Qualities: Expert (+4) Photographer, Expert (+4) Traveler, Good (+2) Nimble
Poor (-2) Looks Jewish

Claude Olivier -- She has fair skin with freckles, brown eyes, and short brown hair with red highlights. Her heritage is French and she lives in Paris. She is a lesbian and active in the women's underground. During World War II, she was jailed for loving other women, but Dr. Infanta broke her out and gave her some art supplies. Claude began drawing lesbian erotica, and later, portraits of lesbians. Most did not survive the war. Later she established the Tomb of the Unknown Lesbian in Paris to memorialize a corpse discovered there after the war, identifiable only by the black triangle on her prisoner uniform.
Qualities: Expert (+4) Lesbian, Good (+2) Artist, Good (+2) Dexterity, Good (+2) Tough
Poor (-2) Passing for Straight

Wray Heppenheimer -- He has fair skin, brown eyes, and short brown hair. A congenital condition has left him with small crumpled legs, a twisted torso, and hands that barely open. It was only somewhat responsive to Healing from Dr. Infanta, but she managed to make his hands work better. His heritage is German. During World War II, he smuggled anti-Nazi materials including war photos and lesbian art. Rumor says that he died during the war; the Nazis sought to kill everyone who was not able-bodied.
Qualities: Expert (+4) Courage, Expert (+4) Scholar, Good (+2) Newspaper Vendor
Poor (-2) Congenital Deformity

Ben Ferencz was just 27 years old when in 1947 he became the chief prosecutor in one of the Nuremberg War Crimes Trials after World War II. Now he is 96 years old and the only one of those prosecutors still alive. [...] Ben Ferencz says the Einsatzgruppen killed over 1 million people. He found their top secret reports with dates and other details about the massacres. “The Nazis were so sure they would win the war they kept record of all their atrocities. I had their daily reports and knew exactly, which unit was in charge, how many Jews they killed and who the commanding officer was,” he says.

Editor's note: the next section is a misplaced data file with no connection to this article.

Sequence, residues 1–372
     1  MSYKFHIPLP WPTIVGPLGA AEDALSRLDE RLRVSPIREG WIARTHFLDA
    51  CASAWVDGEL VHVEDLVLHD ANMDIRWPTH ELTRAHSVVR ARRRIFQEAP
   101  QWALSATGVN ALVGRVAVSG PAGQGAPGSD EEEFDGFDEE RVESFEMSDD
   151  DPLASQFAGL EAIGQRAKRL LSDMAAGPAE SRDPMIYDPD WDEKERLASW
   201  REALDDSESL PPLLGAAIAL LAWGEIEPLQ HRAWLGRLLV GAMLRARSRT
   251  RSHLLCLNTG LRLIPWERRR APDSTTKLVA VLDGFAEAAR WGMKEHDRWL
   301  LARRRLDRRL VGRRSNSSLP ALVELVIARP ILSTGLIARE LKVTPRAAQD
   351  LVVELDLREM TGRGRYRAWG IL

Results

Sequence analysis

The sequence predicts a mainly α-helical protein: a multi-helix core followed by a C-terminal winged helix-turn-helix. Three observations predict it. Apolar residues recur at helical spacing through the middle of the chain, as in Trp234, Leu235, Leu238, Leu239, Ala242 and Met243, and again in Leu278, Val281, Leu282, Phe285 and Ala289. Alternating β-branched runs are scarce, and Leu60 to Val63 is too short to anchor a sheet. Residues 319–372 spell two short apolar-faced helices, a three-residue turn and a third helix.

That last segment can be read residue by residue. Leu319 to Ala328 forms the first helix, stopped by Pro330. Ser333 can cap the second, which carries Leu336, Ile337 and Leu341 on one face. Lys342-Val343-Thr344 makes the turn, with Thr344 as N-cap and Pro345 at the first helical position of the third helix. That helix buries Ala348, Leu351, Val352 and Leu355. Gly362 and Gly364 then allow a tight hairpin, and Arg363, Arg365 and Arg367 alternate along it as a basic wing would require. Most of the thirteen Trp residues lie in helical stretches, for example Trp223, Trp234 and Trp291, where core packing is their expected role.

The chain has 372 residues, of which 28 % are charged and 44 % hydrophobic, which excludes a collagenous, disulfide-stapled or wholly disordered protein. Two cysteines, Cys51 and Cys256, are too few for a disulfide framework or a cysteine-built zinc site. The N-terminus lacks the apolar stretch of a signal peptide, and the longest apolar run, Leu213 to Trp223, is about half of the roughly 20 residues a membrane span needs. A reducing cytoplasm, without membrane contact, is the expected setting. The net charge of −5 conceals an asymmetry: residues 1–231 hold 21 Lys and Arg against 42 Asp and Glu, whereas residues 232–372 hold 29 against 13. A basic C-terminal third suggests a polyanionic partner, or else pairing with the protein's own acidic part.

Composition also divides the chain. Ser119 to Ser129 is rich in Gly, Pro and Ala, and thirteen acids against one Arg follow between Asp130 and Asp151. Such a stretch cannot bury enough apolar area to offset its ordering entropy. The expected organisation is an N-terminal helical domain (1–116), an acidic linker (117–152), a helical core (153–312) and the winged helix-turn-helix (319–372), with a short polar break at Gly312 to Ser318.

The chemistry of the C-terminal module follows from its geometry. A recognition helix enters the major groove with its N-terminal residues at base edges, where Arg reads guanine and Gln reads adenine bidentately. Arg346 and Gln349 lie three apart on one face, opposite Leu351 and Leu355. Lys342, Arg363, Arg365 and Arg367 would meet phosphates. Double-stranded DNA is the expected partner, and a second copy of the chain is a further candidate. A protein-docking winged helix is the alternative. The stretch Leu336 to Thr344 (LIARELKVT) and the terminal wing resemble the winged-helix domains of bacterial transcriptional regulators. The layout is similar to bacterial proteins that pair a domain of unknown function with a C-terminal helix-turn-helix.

-- 96-Year-Old Ben Ferencz Tried Nazi Mass Murderers And Still Dreams About World Peace

"Anna Zakrzewska (24 December 1925 — 11 August 1944) served with the Polish underground army as a courier and a medical orderly. She was killed in the course of desperate combat during the Warsaw Uprising." In Terramagne, she also had Healing.
-- Anna Zakrzewska

* * *

"For the dead and the living, we must bear witness."
Elie Wiesel

(These links are heinous.)
World War II included acts of genocide and other war crimes. Mad scientists conducted evil experiments and designed terrible weapons.

Jewish lawyers were disbarred, some abused and murdered, in Germany.

Roma and Sinti were also oppressed.

Gay men, and to a lesser extent lesbians, were persecuted.

(These links are explicit.)
Here is an example of tribadism such as shown in Claude's art, and this is a woman's portrait.

The Tomb of the Unknown Lesbian includes a crypt and a pleurant statue in Montparnasse Cemetery, Paris. It is modeled after the concept of the "tomb of the unknown soldier," of which there are numerous examples.

Disabled people were murdered in droves. This program extended beyond the Nazis into civilian institutions.

Nazi war trials were rather more successful in Terramagne than here, partly due to Granny Whammy and Dr. Infanta.
Identity URL: 
Account name:
If you don't have an account you can create one now.
HTML doesn't work in the subject.


Notice: This account is set to log the IP addresses of everyone who comments.
Links will be displayed as unclickable URLs to help prevent spam.


ysabetwordsmith: Cartoon of me in Wordsmith persona (Default)

October 2017

1 2 34 5 6 7
8 9 10 11 12 13 14
15 16 1718192021

Most Popular Tags

Style Credit

Expand Cut Tags

No cut tags